American River History

South Fork American River


Before settlers arrived, the South Fork of the American River was home to the Nisenan Indians, who lived in the Yuba, Bear, and American river watersheds. It’s obvious why the Nisenan settled in this area, with the beautiful rolling hills, the thriving wildlife, and the awe-inspiring rivers. While the Nisenan have been largely overlooked since the Gold Rush, their heritage is still visible: the city Coloma is even named after the Nisenan word Cullumah, meaning beautiful. Tragically, the Nisenan Indians were pushed out through disease and violence as settlers swarmed California in search of gold.

The Gold Rush

The South Fork of the American River became famous in 1848 when James Marshall first discovered gold while constructing a mill for John Sutter. This discovery sparked the California Gold Rush of 1849. The promise of wealth brought miners from all over the United States in one of the largest mass migrations in the history of the Western Hemisphere.

Early miners were immediately successful – the gold was so plentiful that you could walk along the banks of the South Fork of the American and pick it out of the sand. As the gold became more difficult to find, miners used more destructive methods to scour the banks of the river. Hydraulic mining, in particular, was widely used and caused severe pollution through erosion and the use of mercury. These environmentally devastating methods were banned in 1884 and mining has since petered off, but gold can still be found in the river.

In the end, the California Gold Rush produced an estimated 750,000 pounds of gold, which would be worth more than $14 billion in 2014. However, it also left behind devastating environmental effects: more than 7,500 tons of mercury was used in hydraulic mining, causing approximately 13 billion tons of erosion. The environmental effects of the Gold Rush are still visible today, and everything from the trout in the American Rivers to the San Francisco bay and California wetlands has suffered as a result.

A Powerful Struggle

As California’s population grew, so did the demand for power. The popular 21 mile stretch of whitewater is sandwiched between the Folsom Dam, built in 1955, and the Chili Bar Dam, built in 1964. These dams provide power and water to much of northern California, but they also threaten the health of the river.

When a dam is constructed, though, many factors can hurt the surrounding ecosystem. For example, the controlled releases of the water create a relatively consistent water level throughout the summer; this is unnatural for the area, which usually experiences decreased water levels as the summer passes. While it’s easy to assume that consistent water is better, the reality is that many of the plants and animals are adapted to and even require seasonal drought.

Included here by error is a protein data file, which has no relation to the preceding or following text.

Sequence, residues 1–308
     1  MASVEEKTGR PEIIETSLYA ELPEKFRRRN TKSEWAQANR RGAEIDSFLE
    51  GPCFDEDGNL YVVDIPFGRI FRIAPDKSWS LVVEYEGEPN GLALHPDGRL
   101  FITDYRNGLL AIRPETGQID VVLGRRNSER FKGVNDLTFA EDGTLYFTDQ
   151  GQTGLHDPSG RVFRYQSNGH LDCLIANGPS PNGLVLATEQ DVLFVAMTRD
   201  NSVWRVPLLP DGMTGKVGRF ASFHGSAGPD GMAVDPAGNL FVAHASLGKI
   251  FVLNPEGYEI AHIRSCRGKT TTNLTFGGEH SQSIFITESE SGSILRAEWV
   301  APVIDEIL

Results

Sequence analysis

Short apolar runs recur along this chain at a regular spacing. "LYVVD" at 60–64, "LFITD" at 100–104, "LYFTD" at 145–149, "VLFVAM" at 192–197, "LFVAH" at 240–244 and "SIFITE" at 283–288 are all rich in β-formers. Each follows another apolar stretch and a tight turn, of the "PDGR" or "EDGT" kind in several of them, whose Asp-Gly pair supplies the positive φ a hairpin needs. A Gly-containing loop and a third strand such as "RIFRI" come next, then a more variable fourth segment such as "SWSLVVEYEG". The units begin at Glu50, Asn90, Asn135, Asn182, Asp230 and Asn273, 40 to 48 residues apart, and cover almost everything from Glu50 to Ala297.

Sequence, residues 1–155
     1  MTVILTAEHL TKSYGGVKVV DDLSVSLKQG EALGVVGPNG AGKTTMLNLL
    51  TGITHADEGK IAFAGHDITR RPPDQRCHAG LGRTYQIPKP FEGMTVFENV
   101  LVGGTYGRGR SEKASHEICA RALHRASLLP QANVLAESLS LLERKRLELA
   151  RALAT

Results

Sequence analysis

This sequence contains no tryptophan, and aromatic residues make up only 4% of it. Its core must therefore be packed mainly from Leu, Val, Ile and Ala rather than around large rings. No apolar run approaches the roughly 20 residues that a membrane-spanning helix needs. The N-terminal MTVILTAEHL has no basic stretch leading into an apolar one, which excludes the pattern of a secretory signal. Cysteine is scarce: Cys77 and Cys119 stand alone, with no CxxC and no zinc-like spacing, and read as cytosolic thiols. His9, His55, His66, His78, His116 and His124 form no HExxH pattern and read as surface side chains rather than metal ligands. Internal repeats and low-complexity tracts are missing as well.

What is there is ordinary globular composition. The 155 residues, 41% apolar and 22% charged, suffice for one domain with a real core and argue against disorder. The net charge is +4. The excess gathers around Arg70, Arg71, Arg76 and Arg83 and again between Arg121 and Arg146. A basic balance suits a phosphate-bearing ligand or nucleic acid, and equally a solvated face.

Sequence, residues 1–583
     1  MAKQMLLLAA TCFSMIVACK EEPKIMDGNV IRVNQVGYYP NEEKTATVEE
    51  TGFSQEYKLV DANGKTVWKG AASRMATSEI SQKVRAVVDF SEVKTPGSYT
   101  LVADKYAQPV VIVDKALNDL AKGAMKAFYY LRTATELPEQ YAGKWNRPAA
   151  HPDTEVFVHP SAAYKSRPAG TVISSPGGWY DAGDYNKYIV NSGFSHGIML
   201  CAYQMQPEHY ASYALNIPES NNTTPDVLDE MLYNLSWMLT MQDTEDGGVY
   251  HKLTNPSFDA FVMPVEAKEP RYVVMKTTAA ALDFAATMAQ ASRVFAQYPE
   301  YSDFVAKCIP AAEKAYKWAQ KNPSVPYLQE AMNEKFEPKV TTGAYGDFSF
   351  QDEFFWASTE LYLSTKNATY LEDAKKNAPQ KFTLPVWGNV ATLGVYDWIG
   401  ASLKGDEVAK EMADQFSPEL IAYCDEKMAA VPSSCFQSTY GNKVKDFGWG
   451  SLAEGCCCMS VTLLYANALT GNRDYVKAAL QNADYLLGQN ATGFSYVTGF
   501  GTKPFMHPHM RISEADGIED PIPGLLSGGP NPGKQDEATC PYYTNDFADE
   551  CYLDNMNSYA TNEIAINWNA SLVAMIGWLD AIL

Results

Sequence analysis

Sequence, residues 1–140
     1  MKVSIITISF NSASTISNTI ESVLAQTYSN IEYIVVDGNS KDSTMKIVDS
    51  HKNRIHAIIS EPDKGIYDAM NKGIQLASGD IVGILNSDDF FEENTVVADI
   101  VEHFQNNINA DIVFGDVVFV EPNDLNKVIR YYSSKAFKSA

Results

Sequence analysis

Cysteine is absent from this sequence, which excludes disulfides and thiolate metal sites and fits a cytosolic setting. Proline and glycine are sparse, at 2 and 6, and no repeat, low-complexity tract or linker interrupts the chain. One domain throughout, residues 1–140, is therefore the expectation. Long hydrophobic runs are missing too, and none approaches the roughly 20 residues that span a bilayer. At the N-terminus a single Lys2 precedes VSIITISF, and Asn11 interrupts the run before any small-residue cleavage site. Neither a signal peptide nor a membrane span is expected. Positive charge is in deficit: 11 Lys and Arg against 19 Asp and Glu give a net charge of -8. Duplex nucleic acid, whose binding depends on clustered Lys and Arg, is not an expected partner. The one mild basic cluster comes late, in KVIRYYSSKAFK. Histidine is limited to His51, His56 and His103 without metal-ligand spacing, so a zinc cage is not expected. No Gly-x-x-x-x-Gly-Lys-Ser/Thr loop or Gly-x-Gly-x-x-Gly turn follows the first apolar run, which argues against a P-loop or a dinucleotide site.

While many of these effects are necessary to provide much-needed resources to California residents, the American River Conservancy works hard to protect as much of the South Fork of the American River as possible in hopes to mitigate negative effects.

American River Conservation Efforts

The environment is a resilient thing, and it has bounced back with remarkable success from the extreme stresses of both mining and damming. This rebound has been aided significantly by conservation efforts along the South Fork of the American River, notably by the American River Conservancy (ARC). Since its foundation in 1989, the ARC has worked to buy land to limit development along the riverbanks and create a corridor of environmental conservation for the protection of wildlife biodiversity.

There are currently more than 3,800 acres protected between the Chili Bar Dam and Folsom Lake, which preserve the diverse habitats along the South Fork of the American River and in the Sierra Nevada Foothills. In this swath of conservation, the South Fork American River Project Area is host to approximately 7% of California’s native plant and animal biodiversity. The trout population, which is notoriously sensitive to pollution, is strong in the South Fork of the American River.

Wildlife along the American River

The corridor of conserved land along the South Fork of the American River is host to incredible wildlife diversity. The diversity begins with the wide range of habitats along the river, including the Blue Oak Savannah, foothill woodland, and riparian zones between the water, forests, and fields. Common trees include a variety of oaks, the California Buckeye, multiple species of willow, and the White Leaf Manzanita. Brush species such as elderberry shrubs, Himalayan blackberry, and California wild grape are common.

With the variety of terrain and wealth of plant species, there are many habitats which provide homes to animals along the South Fork of the American River corridor. There are 117 bird species alone, including Osprey and the rare Bald Eagle. Common mammals in the area include coyotes, grey fox, and mule deer; some nature enthusiasts might even catch a glimpse of black bear, bobcats, or river otters. Fish and amphibians include the rainbow trout, Sacramento pike minnow, pacific tree frog, and Gilbert’s skink.

Recreational Use Today

The South Fork of the American is famous for more than its gold history or its role in powering California—it’s also one of the most popular destinations for whitewater rafting and kayaking in the State of California! The popular whitewater adventures on the Forks of the American include whitewater for all ages and skill levels, with both relaxing floats and exciting, blood-pumping rapids to choose from. Moreover, the cool temperature of the water guarantees it’s a refreshing place to cool off, no matter how high the temperatures climb in the summer. Whitewater recreation sports are possible all summer long due to the Chili Bar dam, which releases water for recreational and electrical purposes.